For homo sapiens, getting older is painful. Take me for example. Nine hours on a plane never bothered me when I was in my 20s with a rubber backbone. But a couple of weeks out from birthday # 43 and one cross-country airplane ride translates into a sudden spinal meltdown that has me lying in bed, rigid as a vampire, popping painkillers like Christmas chocolates.
Fortunately, it’s not the same thing for software. In the life of Windows Server, today marks general availability of public beta for the new Windows Server 2008 R2-and, for me personally, I’ve never had my geeky mitts on a better version. The new release incorporates a host of new features and capabilities that I hope you’ll check out; the code is as stable a beta as I’ve ever seen and combined with the beta of Windows 7 you’ll be able to evaluate not just a bevy of new server-side capabilities, but a new level of synergy between server and client operating systems, too.
A quick recap of my favorite highlights:
- While the Windows 7 client is available in both x86 and x64 versions, Windows Server 2008 R2 is Microsoft’s first 64-bit only OS. It also supports up to 256 logical processors, which opens up a whole new world of enterprise-class back-end processing power.
- Your existing servers will run faster, too, because Windows Server 2008 R2 takes advantage of the latest CPU architecture enhancements. You’ll also get significant power management improvements via features like Core Parking.
- Hyper-V in R2 now has Live Migration, allowing IT admins to move VMs across physical hosts with no interruption of service or network connectivity and significant network performance improvements. VMs in Hyper-V for R2 also get greater access to physical resources, namely support for 32 logical processors. It all adds up to the most flexible virtual data center in Microsoft’s history.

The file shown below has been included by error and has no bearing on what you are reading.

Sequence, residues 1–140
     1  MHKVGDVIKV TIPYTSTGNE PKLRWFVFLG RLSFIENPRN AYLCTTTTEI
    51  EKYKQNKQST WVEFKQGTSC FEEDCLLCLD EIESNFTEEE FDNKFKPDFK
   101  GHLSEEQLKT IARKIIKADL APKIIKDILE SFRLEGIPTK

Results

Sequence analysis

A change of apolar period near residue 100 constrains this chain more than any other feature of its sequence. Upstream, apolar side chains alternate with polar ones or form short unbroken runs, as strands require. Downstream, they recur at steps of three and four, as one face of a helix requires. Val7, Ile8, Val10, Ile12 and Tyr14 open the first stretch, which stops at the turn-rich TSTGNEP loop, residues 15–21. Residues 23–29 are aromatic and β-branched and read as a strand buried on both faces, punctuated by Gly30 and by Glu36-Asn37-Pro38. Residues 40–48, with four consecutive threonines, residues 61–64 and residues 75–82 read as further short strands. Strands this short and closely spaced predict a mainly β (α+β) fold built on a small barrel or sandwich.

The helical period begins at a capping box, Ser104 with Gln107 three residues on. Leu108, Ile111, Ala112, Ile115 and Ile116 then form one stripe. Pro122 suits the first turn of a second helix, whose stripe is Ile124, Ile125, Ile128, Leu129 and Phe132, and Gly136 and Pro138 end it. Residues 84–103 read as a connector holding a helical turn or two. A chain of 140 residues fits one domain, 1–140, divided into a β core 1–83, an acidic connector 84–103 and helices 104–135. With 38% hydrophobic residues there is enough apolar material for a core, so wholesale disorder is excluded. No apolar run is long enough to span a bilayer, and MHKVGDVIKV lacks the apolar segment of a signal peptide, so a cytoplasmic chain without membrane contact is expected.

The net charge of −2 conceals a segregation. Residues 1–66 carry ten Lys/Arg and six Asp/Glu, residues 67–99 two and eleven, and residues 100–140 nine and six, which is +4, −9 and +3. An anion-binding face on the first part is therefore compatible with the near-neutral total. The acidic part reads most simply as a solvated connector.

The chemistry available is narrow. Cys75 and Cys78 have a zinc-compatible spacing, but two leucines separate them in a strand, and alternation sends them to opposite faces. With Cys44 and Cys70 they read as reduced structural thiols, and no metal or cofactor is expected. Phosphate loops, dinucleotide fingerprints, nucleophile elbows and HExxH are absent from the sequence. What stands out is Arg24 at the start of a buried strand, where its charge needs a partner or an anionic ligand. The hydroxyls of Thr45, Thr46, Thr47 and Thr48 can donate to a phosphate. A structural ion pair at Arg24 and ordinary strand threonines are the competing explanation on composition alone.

- Check out PowerShell 2.0. Next to Live Migration, “more PowerShell” is the most consistent customer request we’ve had from Windows Server 2008. So, you’ll find over 240 new cmdlets out of the box along with new dev tools for building your own cmdlets that are not only more robust, but easier, too. The new PowerShell is so powerful, we’re starting to build GUI-based management consoles that are based entirely on PowerShell in the background-check out the new Active Directory Administrative Center for starters.
- RDS is another big-time update. What used to be called Terminal Services has now evolved into Remote Desktop Services with the R2 release. Key in RDS is the new Virtual Desktop Infrastructure (VDI), which allows you to centralize Windows desktops in the data center as virtual machines in addition to the traditional session-based remote desktop model we all know and love from Terminal Services. But VDI is only one new feature in RDS. Others include better end-user fidelity with features like true multiple monitor support and high-end audio and video so you’ve got more breadth in the kinds of applications you can centralize. And the new RemoteApp and Desktop connections feature integrates tightly enough with Windows 7 that users of the new desktop OS won’t need to practically differentiate between what’s local and what isn’t. It all runs off the Start menu.
- And speaking of Windows 7…Windows Server 2008 R2 is a powerful upgrade to any Windows Server data center all by itself. But in combination with Windows 7 on the client side you’ll enter a whole new world of manageability and productivity:
- DirectAccess makes remote access ubiquitous (I’m nuts about this one),
- BranchCache can improve content retrieval at branch offices while simultaneously decreasing WAN bandwidth costs,
- New Group Policy objects allow deeper control of client desktop management, including access, system monitoring and even physical resources like power management,
- You’ll be able to manage and keep data safe even on removable drives by using BitLocker to Go.
And those are just my favorite four. This list hardly encompasses all that Windows Server 2008 R2 has to offer. Check out the full kit for yourself at the Windows Server 2008 R2 Web site. And as always, we’re looking for feedback so keep those comments coming.
— Oliver Rist
Technical Product Manager for Windows Server Marketing